Highlights from the numerous documents, diaries, and letters include the following: U. S. Grant Appointment Signed (April 1, 1873); two printed maps of Indian reservations; Otoe census from 1874, 1877, 1878 with Indian names; eight diaries kept by Jesse and Sibbilla (his wife) Griest (1873-1880); six "Monthly [some "Weekly] Workmen Time Books" (1874-1879), listing names of Indian workers and times worked; Jesse Griest's correspondence books (5), containing official and personal letters (1873-1883); Griest's annual reservation reports (1873-1875, 1878-1879), reporting on the transition from hunting to farming, the disappearance of game, the loss of timber on the reservation, white squatters, the split among Indians (pro- and anti-removal groups), the agency's cattle herd, and the industrial school; hand-written transcriptions (nineteen pages) of council meetings between agents and Otoe leaders (circa 1875) concerning ending the Buffalo hunts, forcing the Otoe to become farmers, Indian obedience to the agent, removal of the tribe to Indian Territory, the construction of a missionary schoolhouse, and the industrial school; several penciled abstracts of the reservation school house plans; and several lists containing Otoe Indian names.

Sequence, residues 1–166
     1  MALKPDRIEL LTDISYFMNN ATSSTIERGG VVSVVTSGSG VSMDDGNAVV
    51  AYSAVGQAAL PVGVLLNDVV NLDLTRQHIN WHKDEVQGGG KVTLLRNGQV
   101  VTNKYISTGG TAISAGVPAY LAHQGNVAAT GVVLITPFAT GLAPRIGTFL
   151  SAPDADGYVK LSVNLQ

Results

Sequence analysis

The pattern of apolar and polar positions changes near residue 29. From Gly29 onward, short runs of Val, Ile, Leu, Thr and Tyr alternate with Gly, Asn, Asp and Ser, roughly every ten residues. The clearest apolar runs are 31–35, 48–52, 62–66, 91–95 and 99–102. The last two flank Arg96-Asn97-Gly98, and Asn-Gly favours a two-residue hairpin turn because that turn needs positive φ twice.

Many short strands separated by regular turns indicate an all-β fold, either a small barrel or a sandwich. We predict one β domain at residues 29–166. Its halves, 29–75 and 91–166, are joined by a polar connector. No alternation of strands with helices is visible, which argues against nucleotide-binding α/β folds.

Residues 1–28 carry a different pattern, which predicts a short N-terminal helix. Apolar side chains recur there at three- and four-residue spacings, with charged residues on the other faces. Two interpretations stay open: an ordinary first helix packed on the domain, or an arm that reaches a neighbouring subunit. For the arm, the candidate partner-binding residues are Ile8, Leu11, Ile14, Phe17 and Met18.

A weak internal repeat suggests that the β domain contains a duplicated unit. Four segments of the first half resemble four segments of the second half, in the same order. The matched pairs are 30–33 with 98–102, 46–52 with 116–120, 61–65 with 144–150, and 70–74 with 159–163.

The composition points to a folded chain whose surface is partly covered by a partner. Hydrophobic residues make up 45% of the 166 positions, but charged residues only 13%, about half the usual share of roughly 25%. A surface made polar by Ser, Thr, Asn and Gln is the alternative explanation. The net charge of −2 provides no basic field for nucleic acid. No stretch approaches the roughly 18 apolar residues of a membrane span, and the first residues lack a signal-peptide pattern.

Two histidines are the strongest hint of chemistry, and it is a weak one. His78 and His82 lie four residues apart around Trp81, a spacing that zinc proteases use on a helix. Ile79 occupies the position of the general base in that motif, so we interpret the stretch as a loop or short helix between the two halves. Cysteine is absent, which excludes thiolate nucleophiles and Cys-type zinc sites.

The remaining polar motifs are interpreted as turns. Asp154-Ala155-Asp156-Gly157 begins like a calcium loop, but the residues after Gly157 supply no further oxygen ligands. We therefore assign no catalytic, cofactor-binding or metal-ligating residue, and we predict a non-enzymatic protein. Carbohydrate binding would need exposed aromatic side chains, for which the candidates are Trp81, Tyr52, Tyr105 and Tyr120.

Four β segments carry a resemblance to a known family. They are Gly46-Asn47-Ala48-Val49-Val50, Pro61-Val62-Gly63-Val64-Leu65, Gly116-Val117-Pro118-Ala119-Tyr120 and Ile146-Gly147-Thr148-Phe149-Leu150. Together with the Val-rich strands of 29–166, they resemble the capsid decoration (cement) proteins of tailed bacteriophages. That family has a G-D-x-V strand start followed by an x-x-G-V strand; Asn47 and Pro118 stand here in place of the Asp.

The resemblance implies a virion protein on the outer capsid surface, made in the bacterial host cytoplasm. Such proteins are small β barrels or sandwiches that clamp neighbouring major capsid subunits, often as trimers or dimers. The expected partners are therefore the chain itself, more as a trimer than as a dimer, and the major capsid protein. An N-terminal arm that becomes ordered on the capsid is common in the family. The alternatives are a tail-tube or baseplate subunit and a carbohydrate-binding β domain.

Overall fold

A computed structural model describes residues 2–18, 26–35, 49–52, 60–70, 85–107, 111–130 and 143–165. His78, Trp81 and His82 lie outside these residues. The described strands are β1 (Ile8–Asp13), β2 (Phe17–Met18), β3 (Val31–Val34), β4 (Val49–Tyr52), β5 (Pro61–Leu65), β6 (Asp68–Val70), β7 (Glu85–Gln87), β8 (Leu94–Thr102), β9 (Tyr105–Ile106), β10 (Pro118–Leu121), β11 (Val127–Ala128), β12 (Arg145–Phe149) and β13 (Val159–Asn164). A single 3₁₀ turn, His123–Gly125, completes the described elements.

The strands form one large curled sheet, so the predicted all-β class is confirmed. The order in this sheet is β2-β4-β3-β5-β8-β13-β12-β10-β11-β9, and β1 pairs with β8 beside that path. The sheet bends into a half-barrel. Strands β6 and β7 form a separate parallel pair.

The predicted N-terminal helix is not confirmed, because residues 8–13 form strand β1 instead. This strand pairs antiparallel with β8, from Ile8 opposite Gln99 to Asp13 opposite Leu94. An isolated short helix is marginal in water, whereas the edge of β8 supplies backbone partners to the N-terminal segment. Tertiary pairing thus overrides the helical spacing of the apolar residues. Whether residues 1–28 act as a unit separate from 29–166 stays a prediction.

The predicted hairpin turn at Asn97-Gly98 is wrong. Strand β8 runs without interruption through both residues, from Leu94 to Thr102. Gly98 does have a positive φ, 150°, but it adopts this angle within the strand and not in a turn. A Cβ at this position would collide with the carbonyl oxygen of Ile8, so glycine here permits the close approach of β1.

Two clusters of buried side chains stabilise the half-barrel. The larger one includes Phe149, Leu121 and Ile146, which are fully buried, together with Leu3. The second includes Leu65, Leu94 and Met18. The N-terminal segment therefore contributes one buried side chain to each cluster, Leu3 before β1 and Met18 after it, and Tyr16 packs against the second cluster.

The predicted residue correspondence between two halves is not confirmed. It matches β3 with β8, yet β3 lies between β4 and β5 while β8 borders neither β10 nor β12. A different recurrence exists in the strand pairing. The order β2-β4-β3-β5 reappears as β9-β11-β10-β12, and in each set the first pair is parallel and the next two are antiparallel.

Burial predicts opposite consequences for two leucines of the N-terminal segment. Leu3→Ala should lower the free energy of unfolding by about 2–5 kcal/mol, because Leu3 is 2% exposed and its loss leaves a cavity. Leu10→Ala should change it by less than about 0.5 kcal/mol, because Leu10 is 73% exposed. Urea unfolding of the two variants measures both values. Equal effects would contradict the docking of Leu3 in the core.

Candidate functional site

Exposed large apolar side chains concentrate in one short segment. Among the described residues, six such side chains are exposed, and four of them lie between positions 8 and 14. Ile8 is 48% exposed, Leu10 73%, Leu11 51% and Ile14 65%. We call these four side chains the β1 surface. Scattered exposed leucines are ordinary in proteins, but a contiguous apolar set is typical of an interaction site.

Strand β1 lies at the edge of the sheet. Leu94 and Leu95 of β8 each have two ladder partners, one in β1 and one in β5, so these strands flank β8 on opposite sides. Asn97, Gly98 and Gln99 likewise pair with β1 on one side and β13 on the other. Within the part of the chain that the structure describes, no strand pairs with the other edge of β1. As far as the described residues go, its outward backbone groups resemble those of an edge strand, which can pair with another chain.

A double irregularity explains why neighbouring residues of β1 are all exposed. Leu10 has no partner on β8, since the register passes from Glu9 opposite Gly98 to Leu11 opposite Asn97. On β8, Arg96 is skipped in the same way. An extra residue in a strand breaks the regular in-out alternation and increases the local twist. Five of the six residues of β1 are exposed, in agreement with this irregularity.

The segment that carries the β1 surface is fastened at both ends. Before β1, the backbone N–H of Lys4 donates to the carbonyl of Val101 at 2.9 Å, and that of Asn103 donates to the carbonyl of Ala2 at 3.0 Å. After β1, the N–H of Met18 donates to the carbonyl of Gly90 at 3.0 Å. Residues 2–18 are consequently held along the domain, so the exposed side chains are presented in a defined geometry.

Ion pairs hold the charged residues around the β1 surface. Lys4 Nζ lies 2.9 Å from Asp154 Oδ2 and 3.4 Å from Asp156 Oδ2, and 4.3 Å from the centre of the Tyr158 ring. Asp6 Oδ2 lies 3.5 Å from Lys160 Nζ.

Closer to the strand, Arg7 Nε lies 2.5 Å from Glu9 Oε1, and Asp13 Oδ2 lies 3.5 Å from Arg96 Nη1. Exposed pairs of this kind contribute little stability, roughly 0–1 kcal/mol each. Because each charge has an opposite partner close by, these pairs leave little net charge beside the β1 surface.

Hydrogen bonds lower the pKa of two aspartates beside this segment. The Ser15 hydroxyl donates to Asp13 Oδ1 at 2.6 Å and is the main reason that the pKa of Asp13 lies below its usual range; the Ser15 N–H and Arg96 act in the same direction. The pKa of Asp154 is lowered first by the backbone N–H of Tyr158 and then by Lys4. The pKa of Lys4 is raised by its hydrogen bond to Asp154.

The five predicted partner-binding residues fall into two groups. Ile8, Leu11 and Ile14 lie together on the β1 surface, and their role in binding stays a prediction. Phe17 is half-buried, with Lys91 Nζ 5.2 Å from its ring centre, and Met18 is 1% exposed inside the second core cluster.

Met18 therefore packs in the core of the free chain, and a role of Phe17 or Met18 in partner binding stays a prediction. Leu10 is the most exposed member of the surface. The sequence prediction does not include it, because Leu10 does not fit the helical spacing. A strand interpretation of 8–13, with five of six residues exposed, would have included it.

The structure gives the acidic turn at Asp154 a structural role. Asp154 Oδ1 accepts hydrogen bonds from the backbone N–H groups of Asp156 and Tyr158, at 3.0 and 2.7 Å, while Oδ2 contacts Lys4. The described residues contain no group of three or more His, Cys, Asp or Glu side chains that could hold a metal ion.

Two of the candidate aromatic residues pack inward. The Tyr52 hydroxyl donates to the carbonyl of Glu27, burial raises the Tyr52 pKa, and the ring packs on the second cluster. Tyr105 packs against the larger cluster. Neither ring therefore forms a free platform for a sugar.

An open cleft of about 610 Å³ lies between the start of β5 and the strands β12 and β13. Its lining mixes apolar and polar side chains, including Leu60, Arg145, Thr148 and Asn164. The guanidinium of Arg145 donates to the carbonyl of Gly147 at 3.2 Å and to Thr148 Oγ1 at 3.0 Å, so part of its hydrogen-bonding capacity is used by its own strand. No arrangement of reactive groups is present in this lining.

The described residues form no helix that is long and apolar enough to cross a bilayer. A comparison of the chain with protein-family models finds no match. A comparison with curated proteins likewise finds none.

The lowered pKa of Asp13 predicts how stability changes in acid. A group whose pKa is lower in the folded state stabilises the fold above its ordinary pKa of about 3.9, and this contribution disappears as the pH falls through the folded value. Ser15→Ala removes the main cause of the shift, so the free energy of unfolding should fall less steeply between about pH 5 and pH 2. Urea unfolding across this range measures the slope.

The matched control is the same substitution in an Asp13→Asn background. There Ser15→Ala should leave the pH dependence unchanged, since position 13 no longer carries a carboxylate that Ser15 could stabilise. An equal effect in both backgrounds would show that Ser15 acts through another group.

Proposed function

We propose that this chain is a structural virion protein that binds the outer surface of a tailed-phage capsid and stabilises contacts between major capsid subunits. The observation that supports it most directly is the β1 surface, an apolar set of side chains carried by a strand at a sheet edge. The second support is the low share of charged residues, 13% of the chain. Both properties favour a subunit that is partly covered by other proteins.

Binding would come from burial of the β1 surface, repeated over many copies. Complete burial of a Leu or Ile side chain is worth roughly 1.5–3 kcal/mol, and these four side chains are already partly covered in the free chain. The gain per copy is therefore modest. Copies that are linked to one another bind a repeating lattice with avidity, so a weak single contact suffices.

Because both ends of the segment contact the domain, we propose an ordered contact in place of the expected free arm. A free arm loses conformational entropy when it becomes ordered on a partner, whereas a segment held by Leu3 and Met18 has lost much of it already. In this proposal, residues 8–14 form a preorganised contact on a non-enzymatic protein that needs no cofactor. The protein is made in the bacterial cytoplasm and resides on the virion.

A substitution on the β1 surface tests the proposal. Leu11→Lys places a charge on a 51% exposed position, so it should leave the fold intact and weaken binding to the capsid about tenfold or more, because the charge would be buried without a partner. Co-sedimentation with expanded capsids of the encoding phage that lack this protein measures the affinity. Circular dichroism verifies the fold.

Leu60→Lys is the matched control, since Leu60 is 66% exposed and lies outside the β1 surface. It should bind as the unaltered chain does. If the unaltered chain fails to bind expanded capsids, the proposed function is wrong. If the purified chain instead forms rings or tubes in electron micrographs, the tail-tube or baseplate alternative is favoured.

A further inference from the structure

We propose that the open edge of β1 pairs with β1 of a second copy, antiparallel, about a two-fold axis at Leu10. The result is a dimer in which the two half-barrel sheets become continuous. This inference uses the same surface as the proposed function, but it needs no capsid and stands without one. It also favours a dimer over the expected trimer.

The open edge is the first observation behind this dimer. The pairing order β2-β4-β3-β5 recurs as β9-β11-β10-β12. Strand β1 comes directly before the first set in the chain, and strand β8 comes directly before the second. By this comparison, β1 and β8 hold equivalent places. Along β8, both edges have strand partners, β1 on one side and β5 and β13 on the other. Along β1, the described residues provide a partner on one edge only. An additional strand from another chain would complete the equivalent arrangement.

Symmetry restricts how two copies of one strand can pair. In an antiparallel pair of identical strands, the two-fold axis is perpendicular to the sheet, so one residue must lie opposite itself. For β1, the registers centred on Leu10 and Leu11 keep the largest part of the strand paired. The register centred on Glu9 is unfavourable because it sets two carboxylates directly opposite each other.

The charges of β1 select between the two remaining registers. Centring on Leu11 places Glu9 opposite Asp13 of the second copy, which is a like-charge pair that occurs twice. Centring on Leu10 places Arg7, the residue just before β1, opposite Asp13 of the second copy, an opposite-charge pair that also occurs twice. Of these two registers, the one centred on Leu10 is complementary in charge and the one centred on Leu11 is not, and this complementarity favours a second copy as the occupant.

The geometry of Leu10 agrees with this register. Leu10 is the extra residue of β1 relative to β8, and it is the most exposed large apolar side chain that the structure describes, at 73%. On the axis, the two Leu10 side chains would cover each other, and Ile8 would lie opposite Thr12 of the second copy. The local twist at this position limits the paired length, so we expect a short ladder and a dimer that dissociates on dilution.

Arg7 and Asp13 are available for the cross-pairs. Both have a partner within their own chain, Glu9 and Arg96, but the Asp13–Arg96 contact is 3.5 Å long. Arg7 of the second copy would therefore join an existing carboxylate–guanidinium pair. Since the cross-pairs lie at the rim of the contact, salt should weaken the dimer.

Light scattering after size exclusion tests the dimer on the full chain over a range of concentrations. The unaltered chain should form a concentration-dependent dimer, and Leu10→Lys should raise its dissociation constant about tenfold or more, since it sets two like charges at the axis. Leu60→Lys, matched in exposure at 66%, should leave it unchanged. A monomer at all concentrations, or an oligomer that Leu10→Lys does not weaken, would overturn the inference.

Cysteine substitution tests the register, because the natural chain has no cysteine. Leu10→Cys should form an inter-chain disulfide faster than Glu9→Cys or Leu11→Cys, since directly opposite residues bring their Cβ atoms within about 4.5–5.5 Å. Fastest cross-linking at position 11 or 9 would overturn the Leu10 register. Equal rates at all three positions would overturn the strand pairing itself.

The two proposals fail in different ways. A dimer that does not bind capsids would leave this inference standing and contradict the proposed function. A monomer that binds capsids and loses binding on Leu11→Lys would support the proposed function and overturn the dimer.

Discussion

Interestingly, this archive also offers perspectives of the assimilation process from the Otoe themselves. Following are highlights from letters/documents written by or, in some cases, for Indians: George White (Otoe) ALS (1880) stating to Indian interpreter Battiste Deroin that the reason the Otoes are dying off is because they "drink too much"; statements by several Otoe favoring a move to Indian Territory (one reason given is that their agent "don't do much for tribe . . . [he] tried to make fortune), containing penciled drawings of Indians; "Otoe Sam" letter signed petitioning Agent Griest to restrain Otoes from removing to Indian Territory; "Copy" of an Indian letter to his son discussing their removal to Indian Territory (1879); a petition of chiefs requesting that the Indian commissioner allow them to visit Indian Territory to see if it would be suitable for them to relocate (n. d.); transcription of a petition written to President Rutherford B. Hayes by Otoe chiefs trying to have Griest removed as agent, accusing Griest of, among other things, nepotism and spending the Otoe's annual annuity on "all kinds of foolishness" (n. d.); petition of Otoe chiefs proposing that the U.S. government "construct a railroad across the reservation" (1879), signed by Indian interpreter Battiste Deroin with the marks of numerous chiefs; list of Otoe chiefs "recognized" by the agency with explanations about how they attained their positions (1878).